[00:24:56] Jill Blondin: Yeah, it's interesting. I'm very fortunate at my institution because I work with administrators, such as our president and provost, who really value internationalization. So I'm lucky, but that doesn't mean I can give up because the institution's success depends on it. So, it's a really good question because you must be proactive. I think that being passionate about it doesn't hurt, which I am. Still, really making the case and telling the stories of students who've benefited faculty and staff, who've benefited from the type of programming opportunities we have, is a way to make that case. But that communication mechanism has two parts to me. The success of internationalization. If I had to boil it down, I'd boil it in two parts. One is that strategic alignment. And part of that is communication. I cannot emphasize enough that when I say communication, it's communication to a multitude of stakeholders, both internal and external.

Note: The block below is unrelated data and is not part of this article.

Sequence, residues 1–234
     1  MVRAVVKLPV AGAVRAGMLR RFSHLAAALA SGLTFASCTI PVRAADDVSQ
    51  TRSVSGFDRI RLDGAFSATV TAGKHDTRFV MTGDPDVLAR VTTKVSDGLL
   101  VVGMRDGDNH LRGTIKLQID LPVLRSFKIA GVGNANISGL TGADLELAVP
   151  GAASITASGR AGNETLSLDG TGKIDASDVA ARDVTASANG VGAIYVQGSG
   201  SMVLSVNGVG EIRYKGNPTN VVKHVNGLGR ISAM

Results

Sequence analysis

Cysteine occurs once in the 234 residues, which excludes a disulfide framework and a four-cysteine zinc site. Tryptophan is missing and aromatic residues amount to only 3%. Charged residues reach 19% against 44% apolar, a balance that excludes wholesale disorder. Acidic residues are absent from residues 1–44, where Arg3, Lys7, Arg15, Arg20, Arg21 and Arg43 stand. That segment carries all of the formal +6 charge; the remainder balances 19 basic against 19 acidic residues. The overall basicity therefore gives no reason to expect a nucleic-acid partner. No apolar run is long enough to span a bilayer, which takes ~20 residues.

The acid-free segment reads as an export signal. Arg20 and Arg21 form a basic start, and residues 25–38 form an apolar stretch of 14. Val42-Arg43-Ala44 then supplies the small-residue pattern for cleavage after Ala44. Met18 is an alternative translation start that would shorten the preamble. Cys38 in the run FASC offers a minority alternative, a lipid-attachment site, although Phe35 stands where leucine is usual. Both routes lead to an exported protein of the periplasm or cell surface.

[00:26:02] Steve MacDonald: That's, I think, the part that everybody really needed to hear is that's constant communication, that advocacy, that if you're going to accomplish what you want to accomplish, you need to be constantly the, the biggest champion for your cause. That's fantastic. So, over the years, you've made budgeting mistakes. That we can all learn from, tell us a story about that so we can learn going forward.

[00:26:26] Jill Blondin: Yeah. It's easy to listen to me on a podcast and think I haven't made major missteps. Of course, I'm human; we always make mistakes, and we learn from those. Some approaches to internationalization don't always lead to the intended outcomes and can waste resources. It's something that my colleague Paul Zagalo-Melo and I discussed, which is delusional budgeting strategies. Delusional revenue, uh, generating strategies, things that sound so good that might save time and resources but, in actuality, turn out to be nightmares. Examples are sometimes in the international office because you want to foster engagement. For instance, it would be easier for us to foster engagement through visiting faculty. We had an apartment on campus that we leased, not realizing that it was a long